‘I’m allowed to fly my kin in police aircraft’


Rogers MbithiNairobi, Kenya: Beleaguered Kenya Police Air Wing Commandant Rodgers Mbithi has told a team of investigators he committed no crime in allowing his daughter-in-law to fly in a police fixed wing plane from Mombasa to Nairobi.

Mr Mbithi said in his statement that the law permits him to allow his pilots to pick and fly his relatives and civilians.

He also said the presence of the Cessna 208 Caravan (5Y-POL) in Mombasa on April 2 as terrorists struck Garissa University College did not delay or stop the flying of Recce personnel to the scene.

A team of five officers has been appointed to investigate the Kenya Police Air Wing over allegations that the unit failed to respond in time in the wake of the attack, in which 148 people were killed.

Mbithi (pictured) told the team that Police Standing Orders 209 allow civilians or relatives into such planes.

“The carriage of civilians or relatives of Air Wing officers is prohibited except with the express permission of formation/provincial commanders of Commandant Air Wing,” says part of the procedures for operating planes there, which he cited.

He told the team that he called the captain who had the plane that day and asked if he could bring his daughter-in-law and two children to Nairobi.

“The in-law and family resides in the Coast and I was only asking for a lift to Nairobi. The pilot had the discretion of refusing to carry any passenger. He agreed to fly them.”

“The law allows me or any other commander to do so,” he told the officers.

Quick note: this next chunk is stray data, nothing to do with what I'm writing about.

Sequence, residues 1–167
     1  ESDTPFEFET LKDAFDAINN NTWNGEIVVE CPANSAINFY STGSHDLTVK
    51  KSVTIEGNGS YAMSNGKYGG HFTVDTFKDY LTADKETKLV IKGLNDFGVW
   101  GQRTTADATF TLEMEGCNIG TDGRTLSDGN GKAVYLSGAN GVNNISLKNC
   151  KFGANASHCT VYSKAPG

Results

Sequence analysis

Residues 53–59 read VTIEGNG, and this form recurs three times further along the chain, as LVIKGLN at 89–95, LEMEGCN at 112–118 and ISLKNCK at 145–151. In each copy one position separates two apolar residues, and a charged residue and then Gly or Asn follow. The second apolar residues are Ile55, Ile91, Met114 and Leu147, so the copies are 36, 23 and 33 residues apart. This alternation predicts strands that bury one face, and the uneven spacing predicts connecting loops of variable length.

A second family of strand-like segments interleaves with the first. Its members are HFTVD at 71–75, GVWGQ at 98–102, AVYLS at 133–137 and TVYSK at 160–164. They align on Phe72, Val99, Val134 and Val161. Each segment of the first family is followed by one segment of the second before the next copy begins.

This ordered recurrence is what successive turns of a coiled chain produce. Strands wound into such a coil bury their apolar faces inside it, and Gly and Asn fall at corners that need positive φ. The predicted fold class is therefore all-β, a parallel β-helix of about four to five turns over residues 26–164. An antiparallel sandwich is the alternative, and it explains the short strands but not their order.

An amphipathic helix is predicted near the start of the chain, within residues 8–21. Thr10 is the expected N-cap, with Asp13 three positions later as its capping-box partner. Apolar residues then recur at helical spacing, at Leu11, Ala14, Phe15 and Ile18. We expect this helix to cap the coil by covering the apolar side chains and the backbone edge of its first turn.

In his statement, he said the Air Wing has only three serviceable aircraft, which include one small helicopter with a capacity for only four passengers, and two fixed wing caravans.

On that day, the air wing had only one operational task to Turkwel, Turkana County, to take GSU Commandant Joel Kitili with Bell 206 helicopter and one programmed training flight to Mombasa by the Cessna flight.

By the time the flights departed from Wilson Airport, the officers had not been informed of any need to fly to Garissa.

Recce Squad

The Cessna plane left Wilson at 7.26a.m. and landed in Mombasa at 9.17am and took the recommended 20 minutes on the ground. During this time the pilot picked the three civilians before starting the journey back to Nairobi at 9.49 a.m. He landed at Wilson Airport at 11.36a.m.

By then, they had been ordered to be ready to fly the 18-member Recce Squad to Garissa. The team took an hour to drive from Ruiru to Wilson Airport.

Earlier on, at about 9 a.m., Inspector General of Police Joseph Boinnet, Interior Cabinet Secretary Joseph Nkaissery and a number of North Eastern region politicians had flown to Garissa in two Kenya Forest Service and Kenya Wildlife Service helicopters.

It was after he landed in Garissa that Mr Boinnet called Nairobi saying he needed the Recce Squad there. And because Boinnet and Nkaissery had used the only available helicopters, the Recce team was told to drive to the airport to pick the two available fixed wing planes.

Another team with medical equipment was told to drive to Garissa as they were too heavy to be ferried in the planes.

The planes could not fly to Ruiru to pick the team, which had been on standby since 6am when an alarm went off over the attack in Garissa, because there is no runway there


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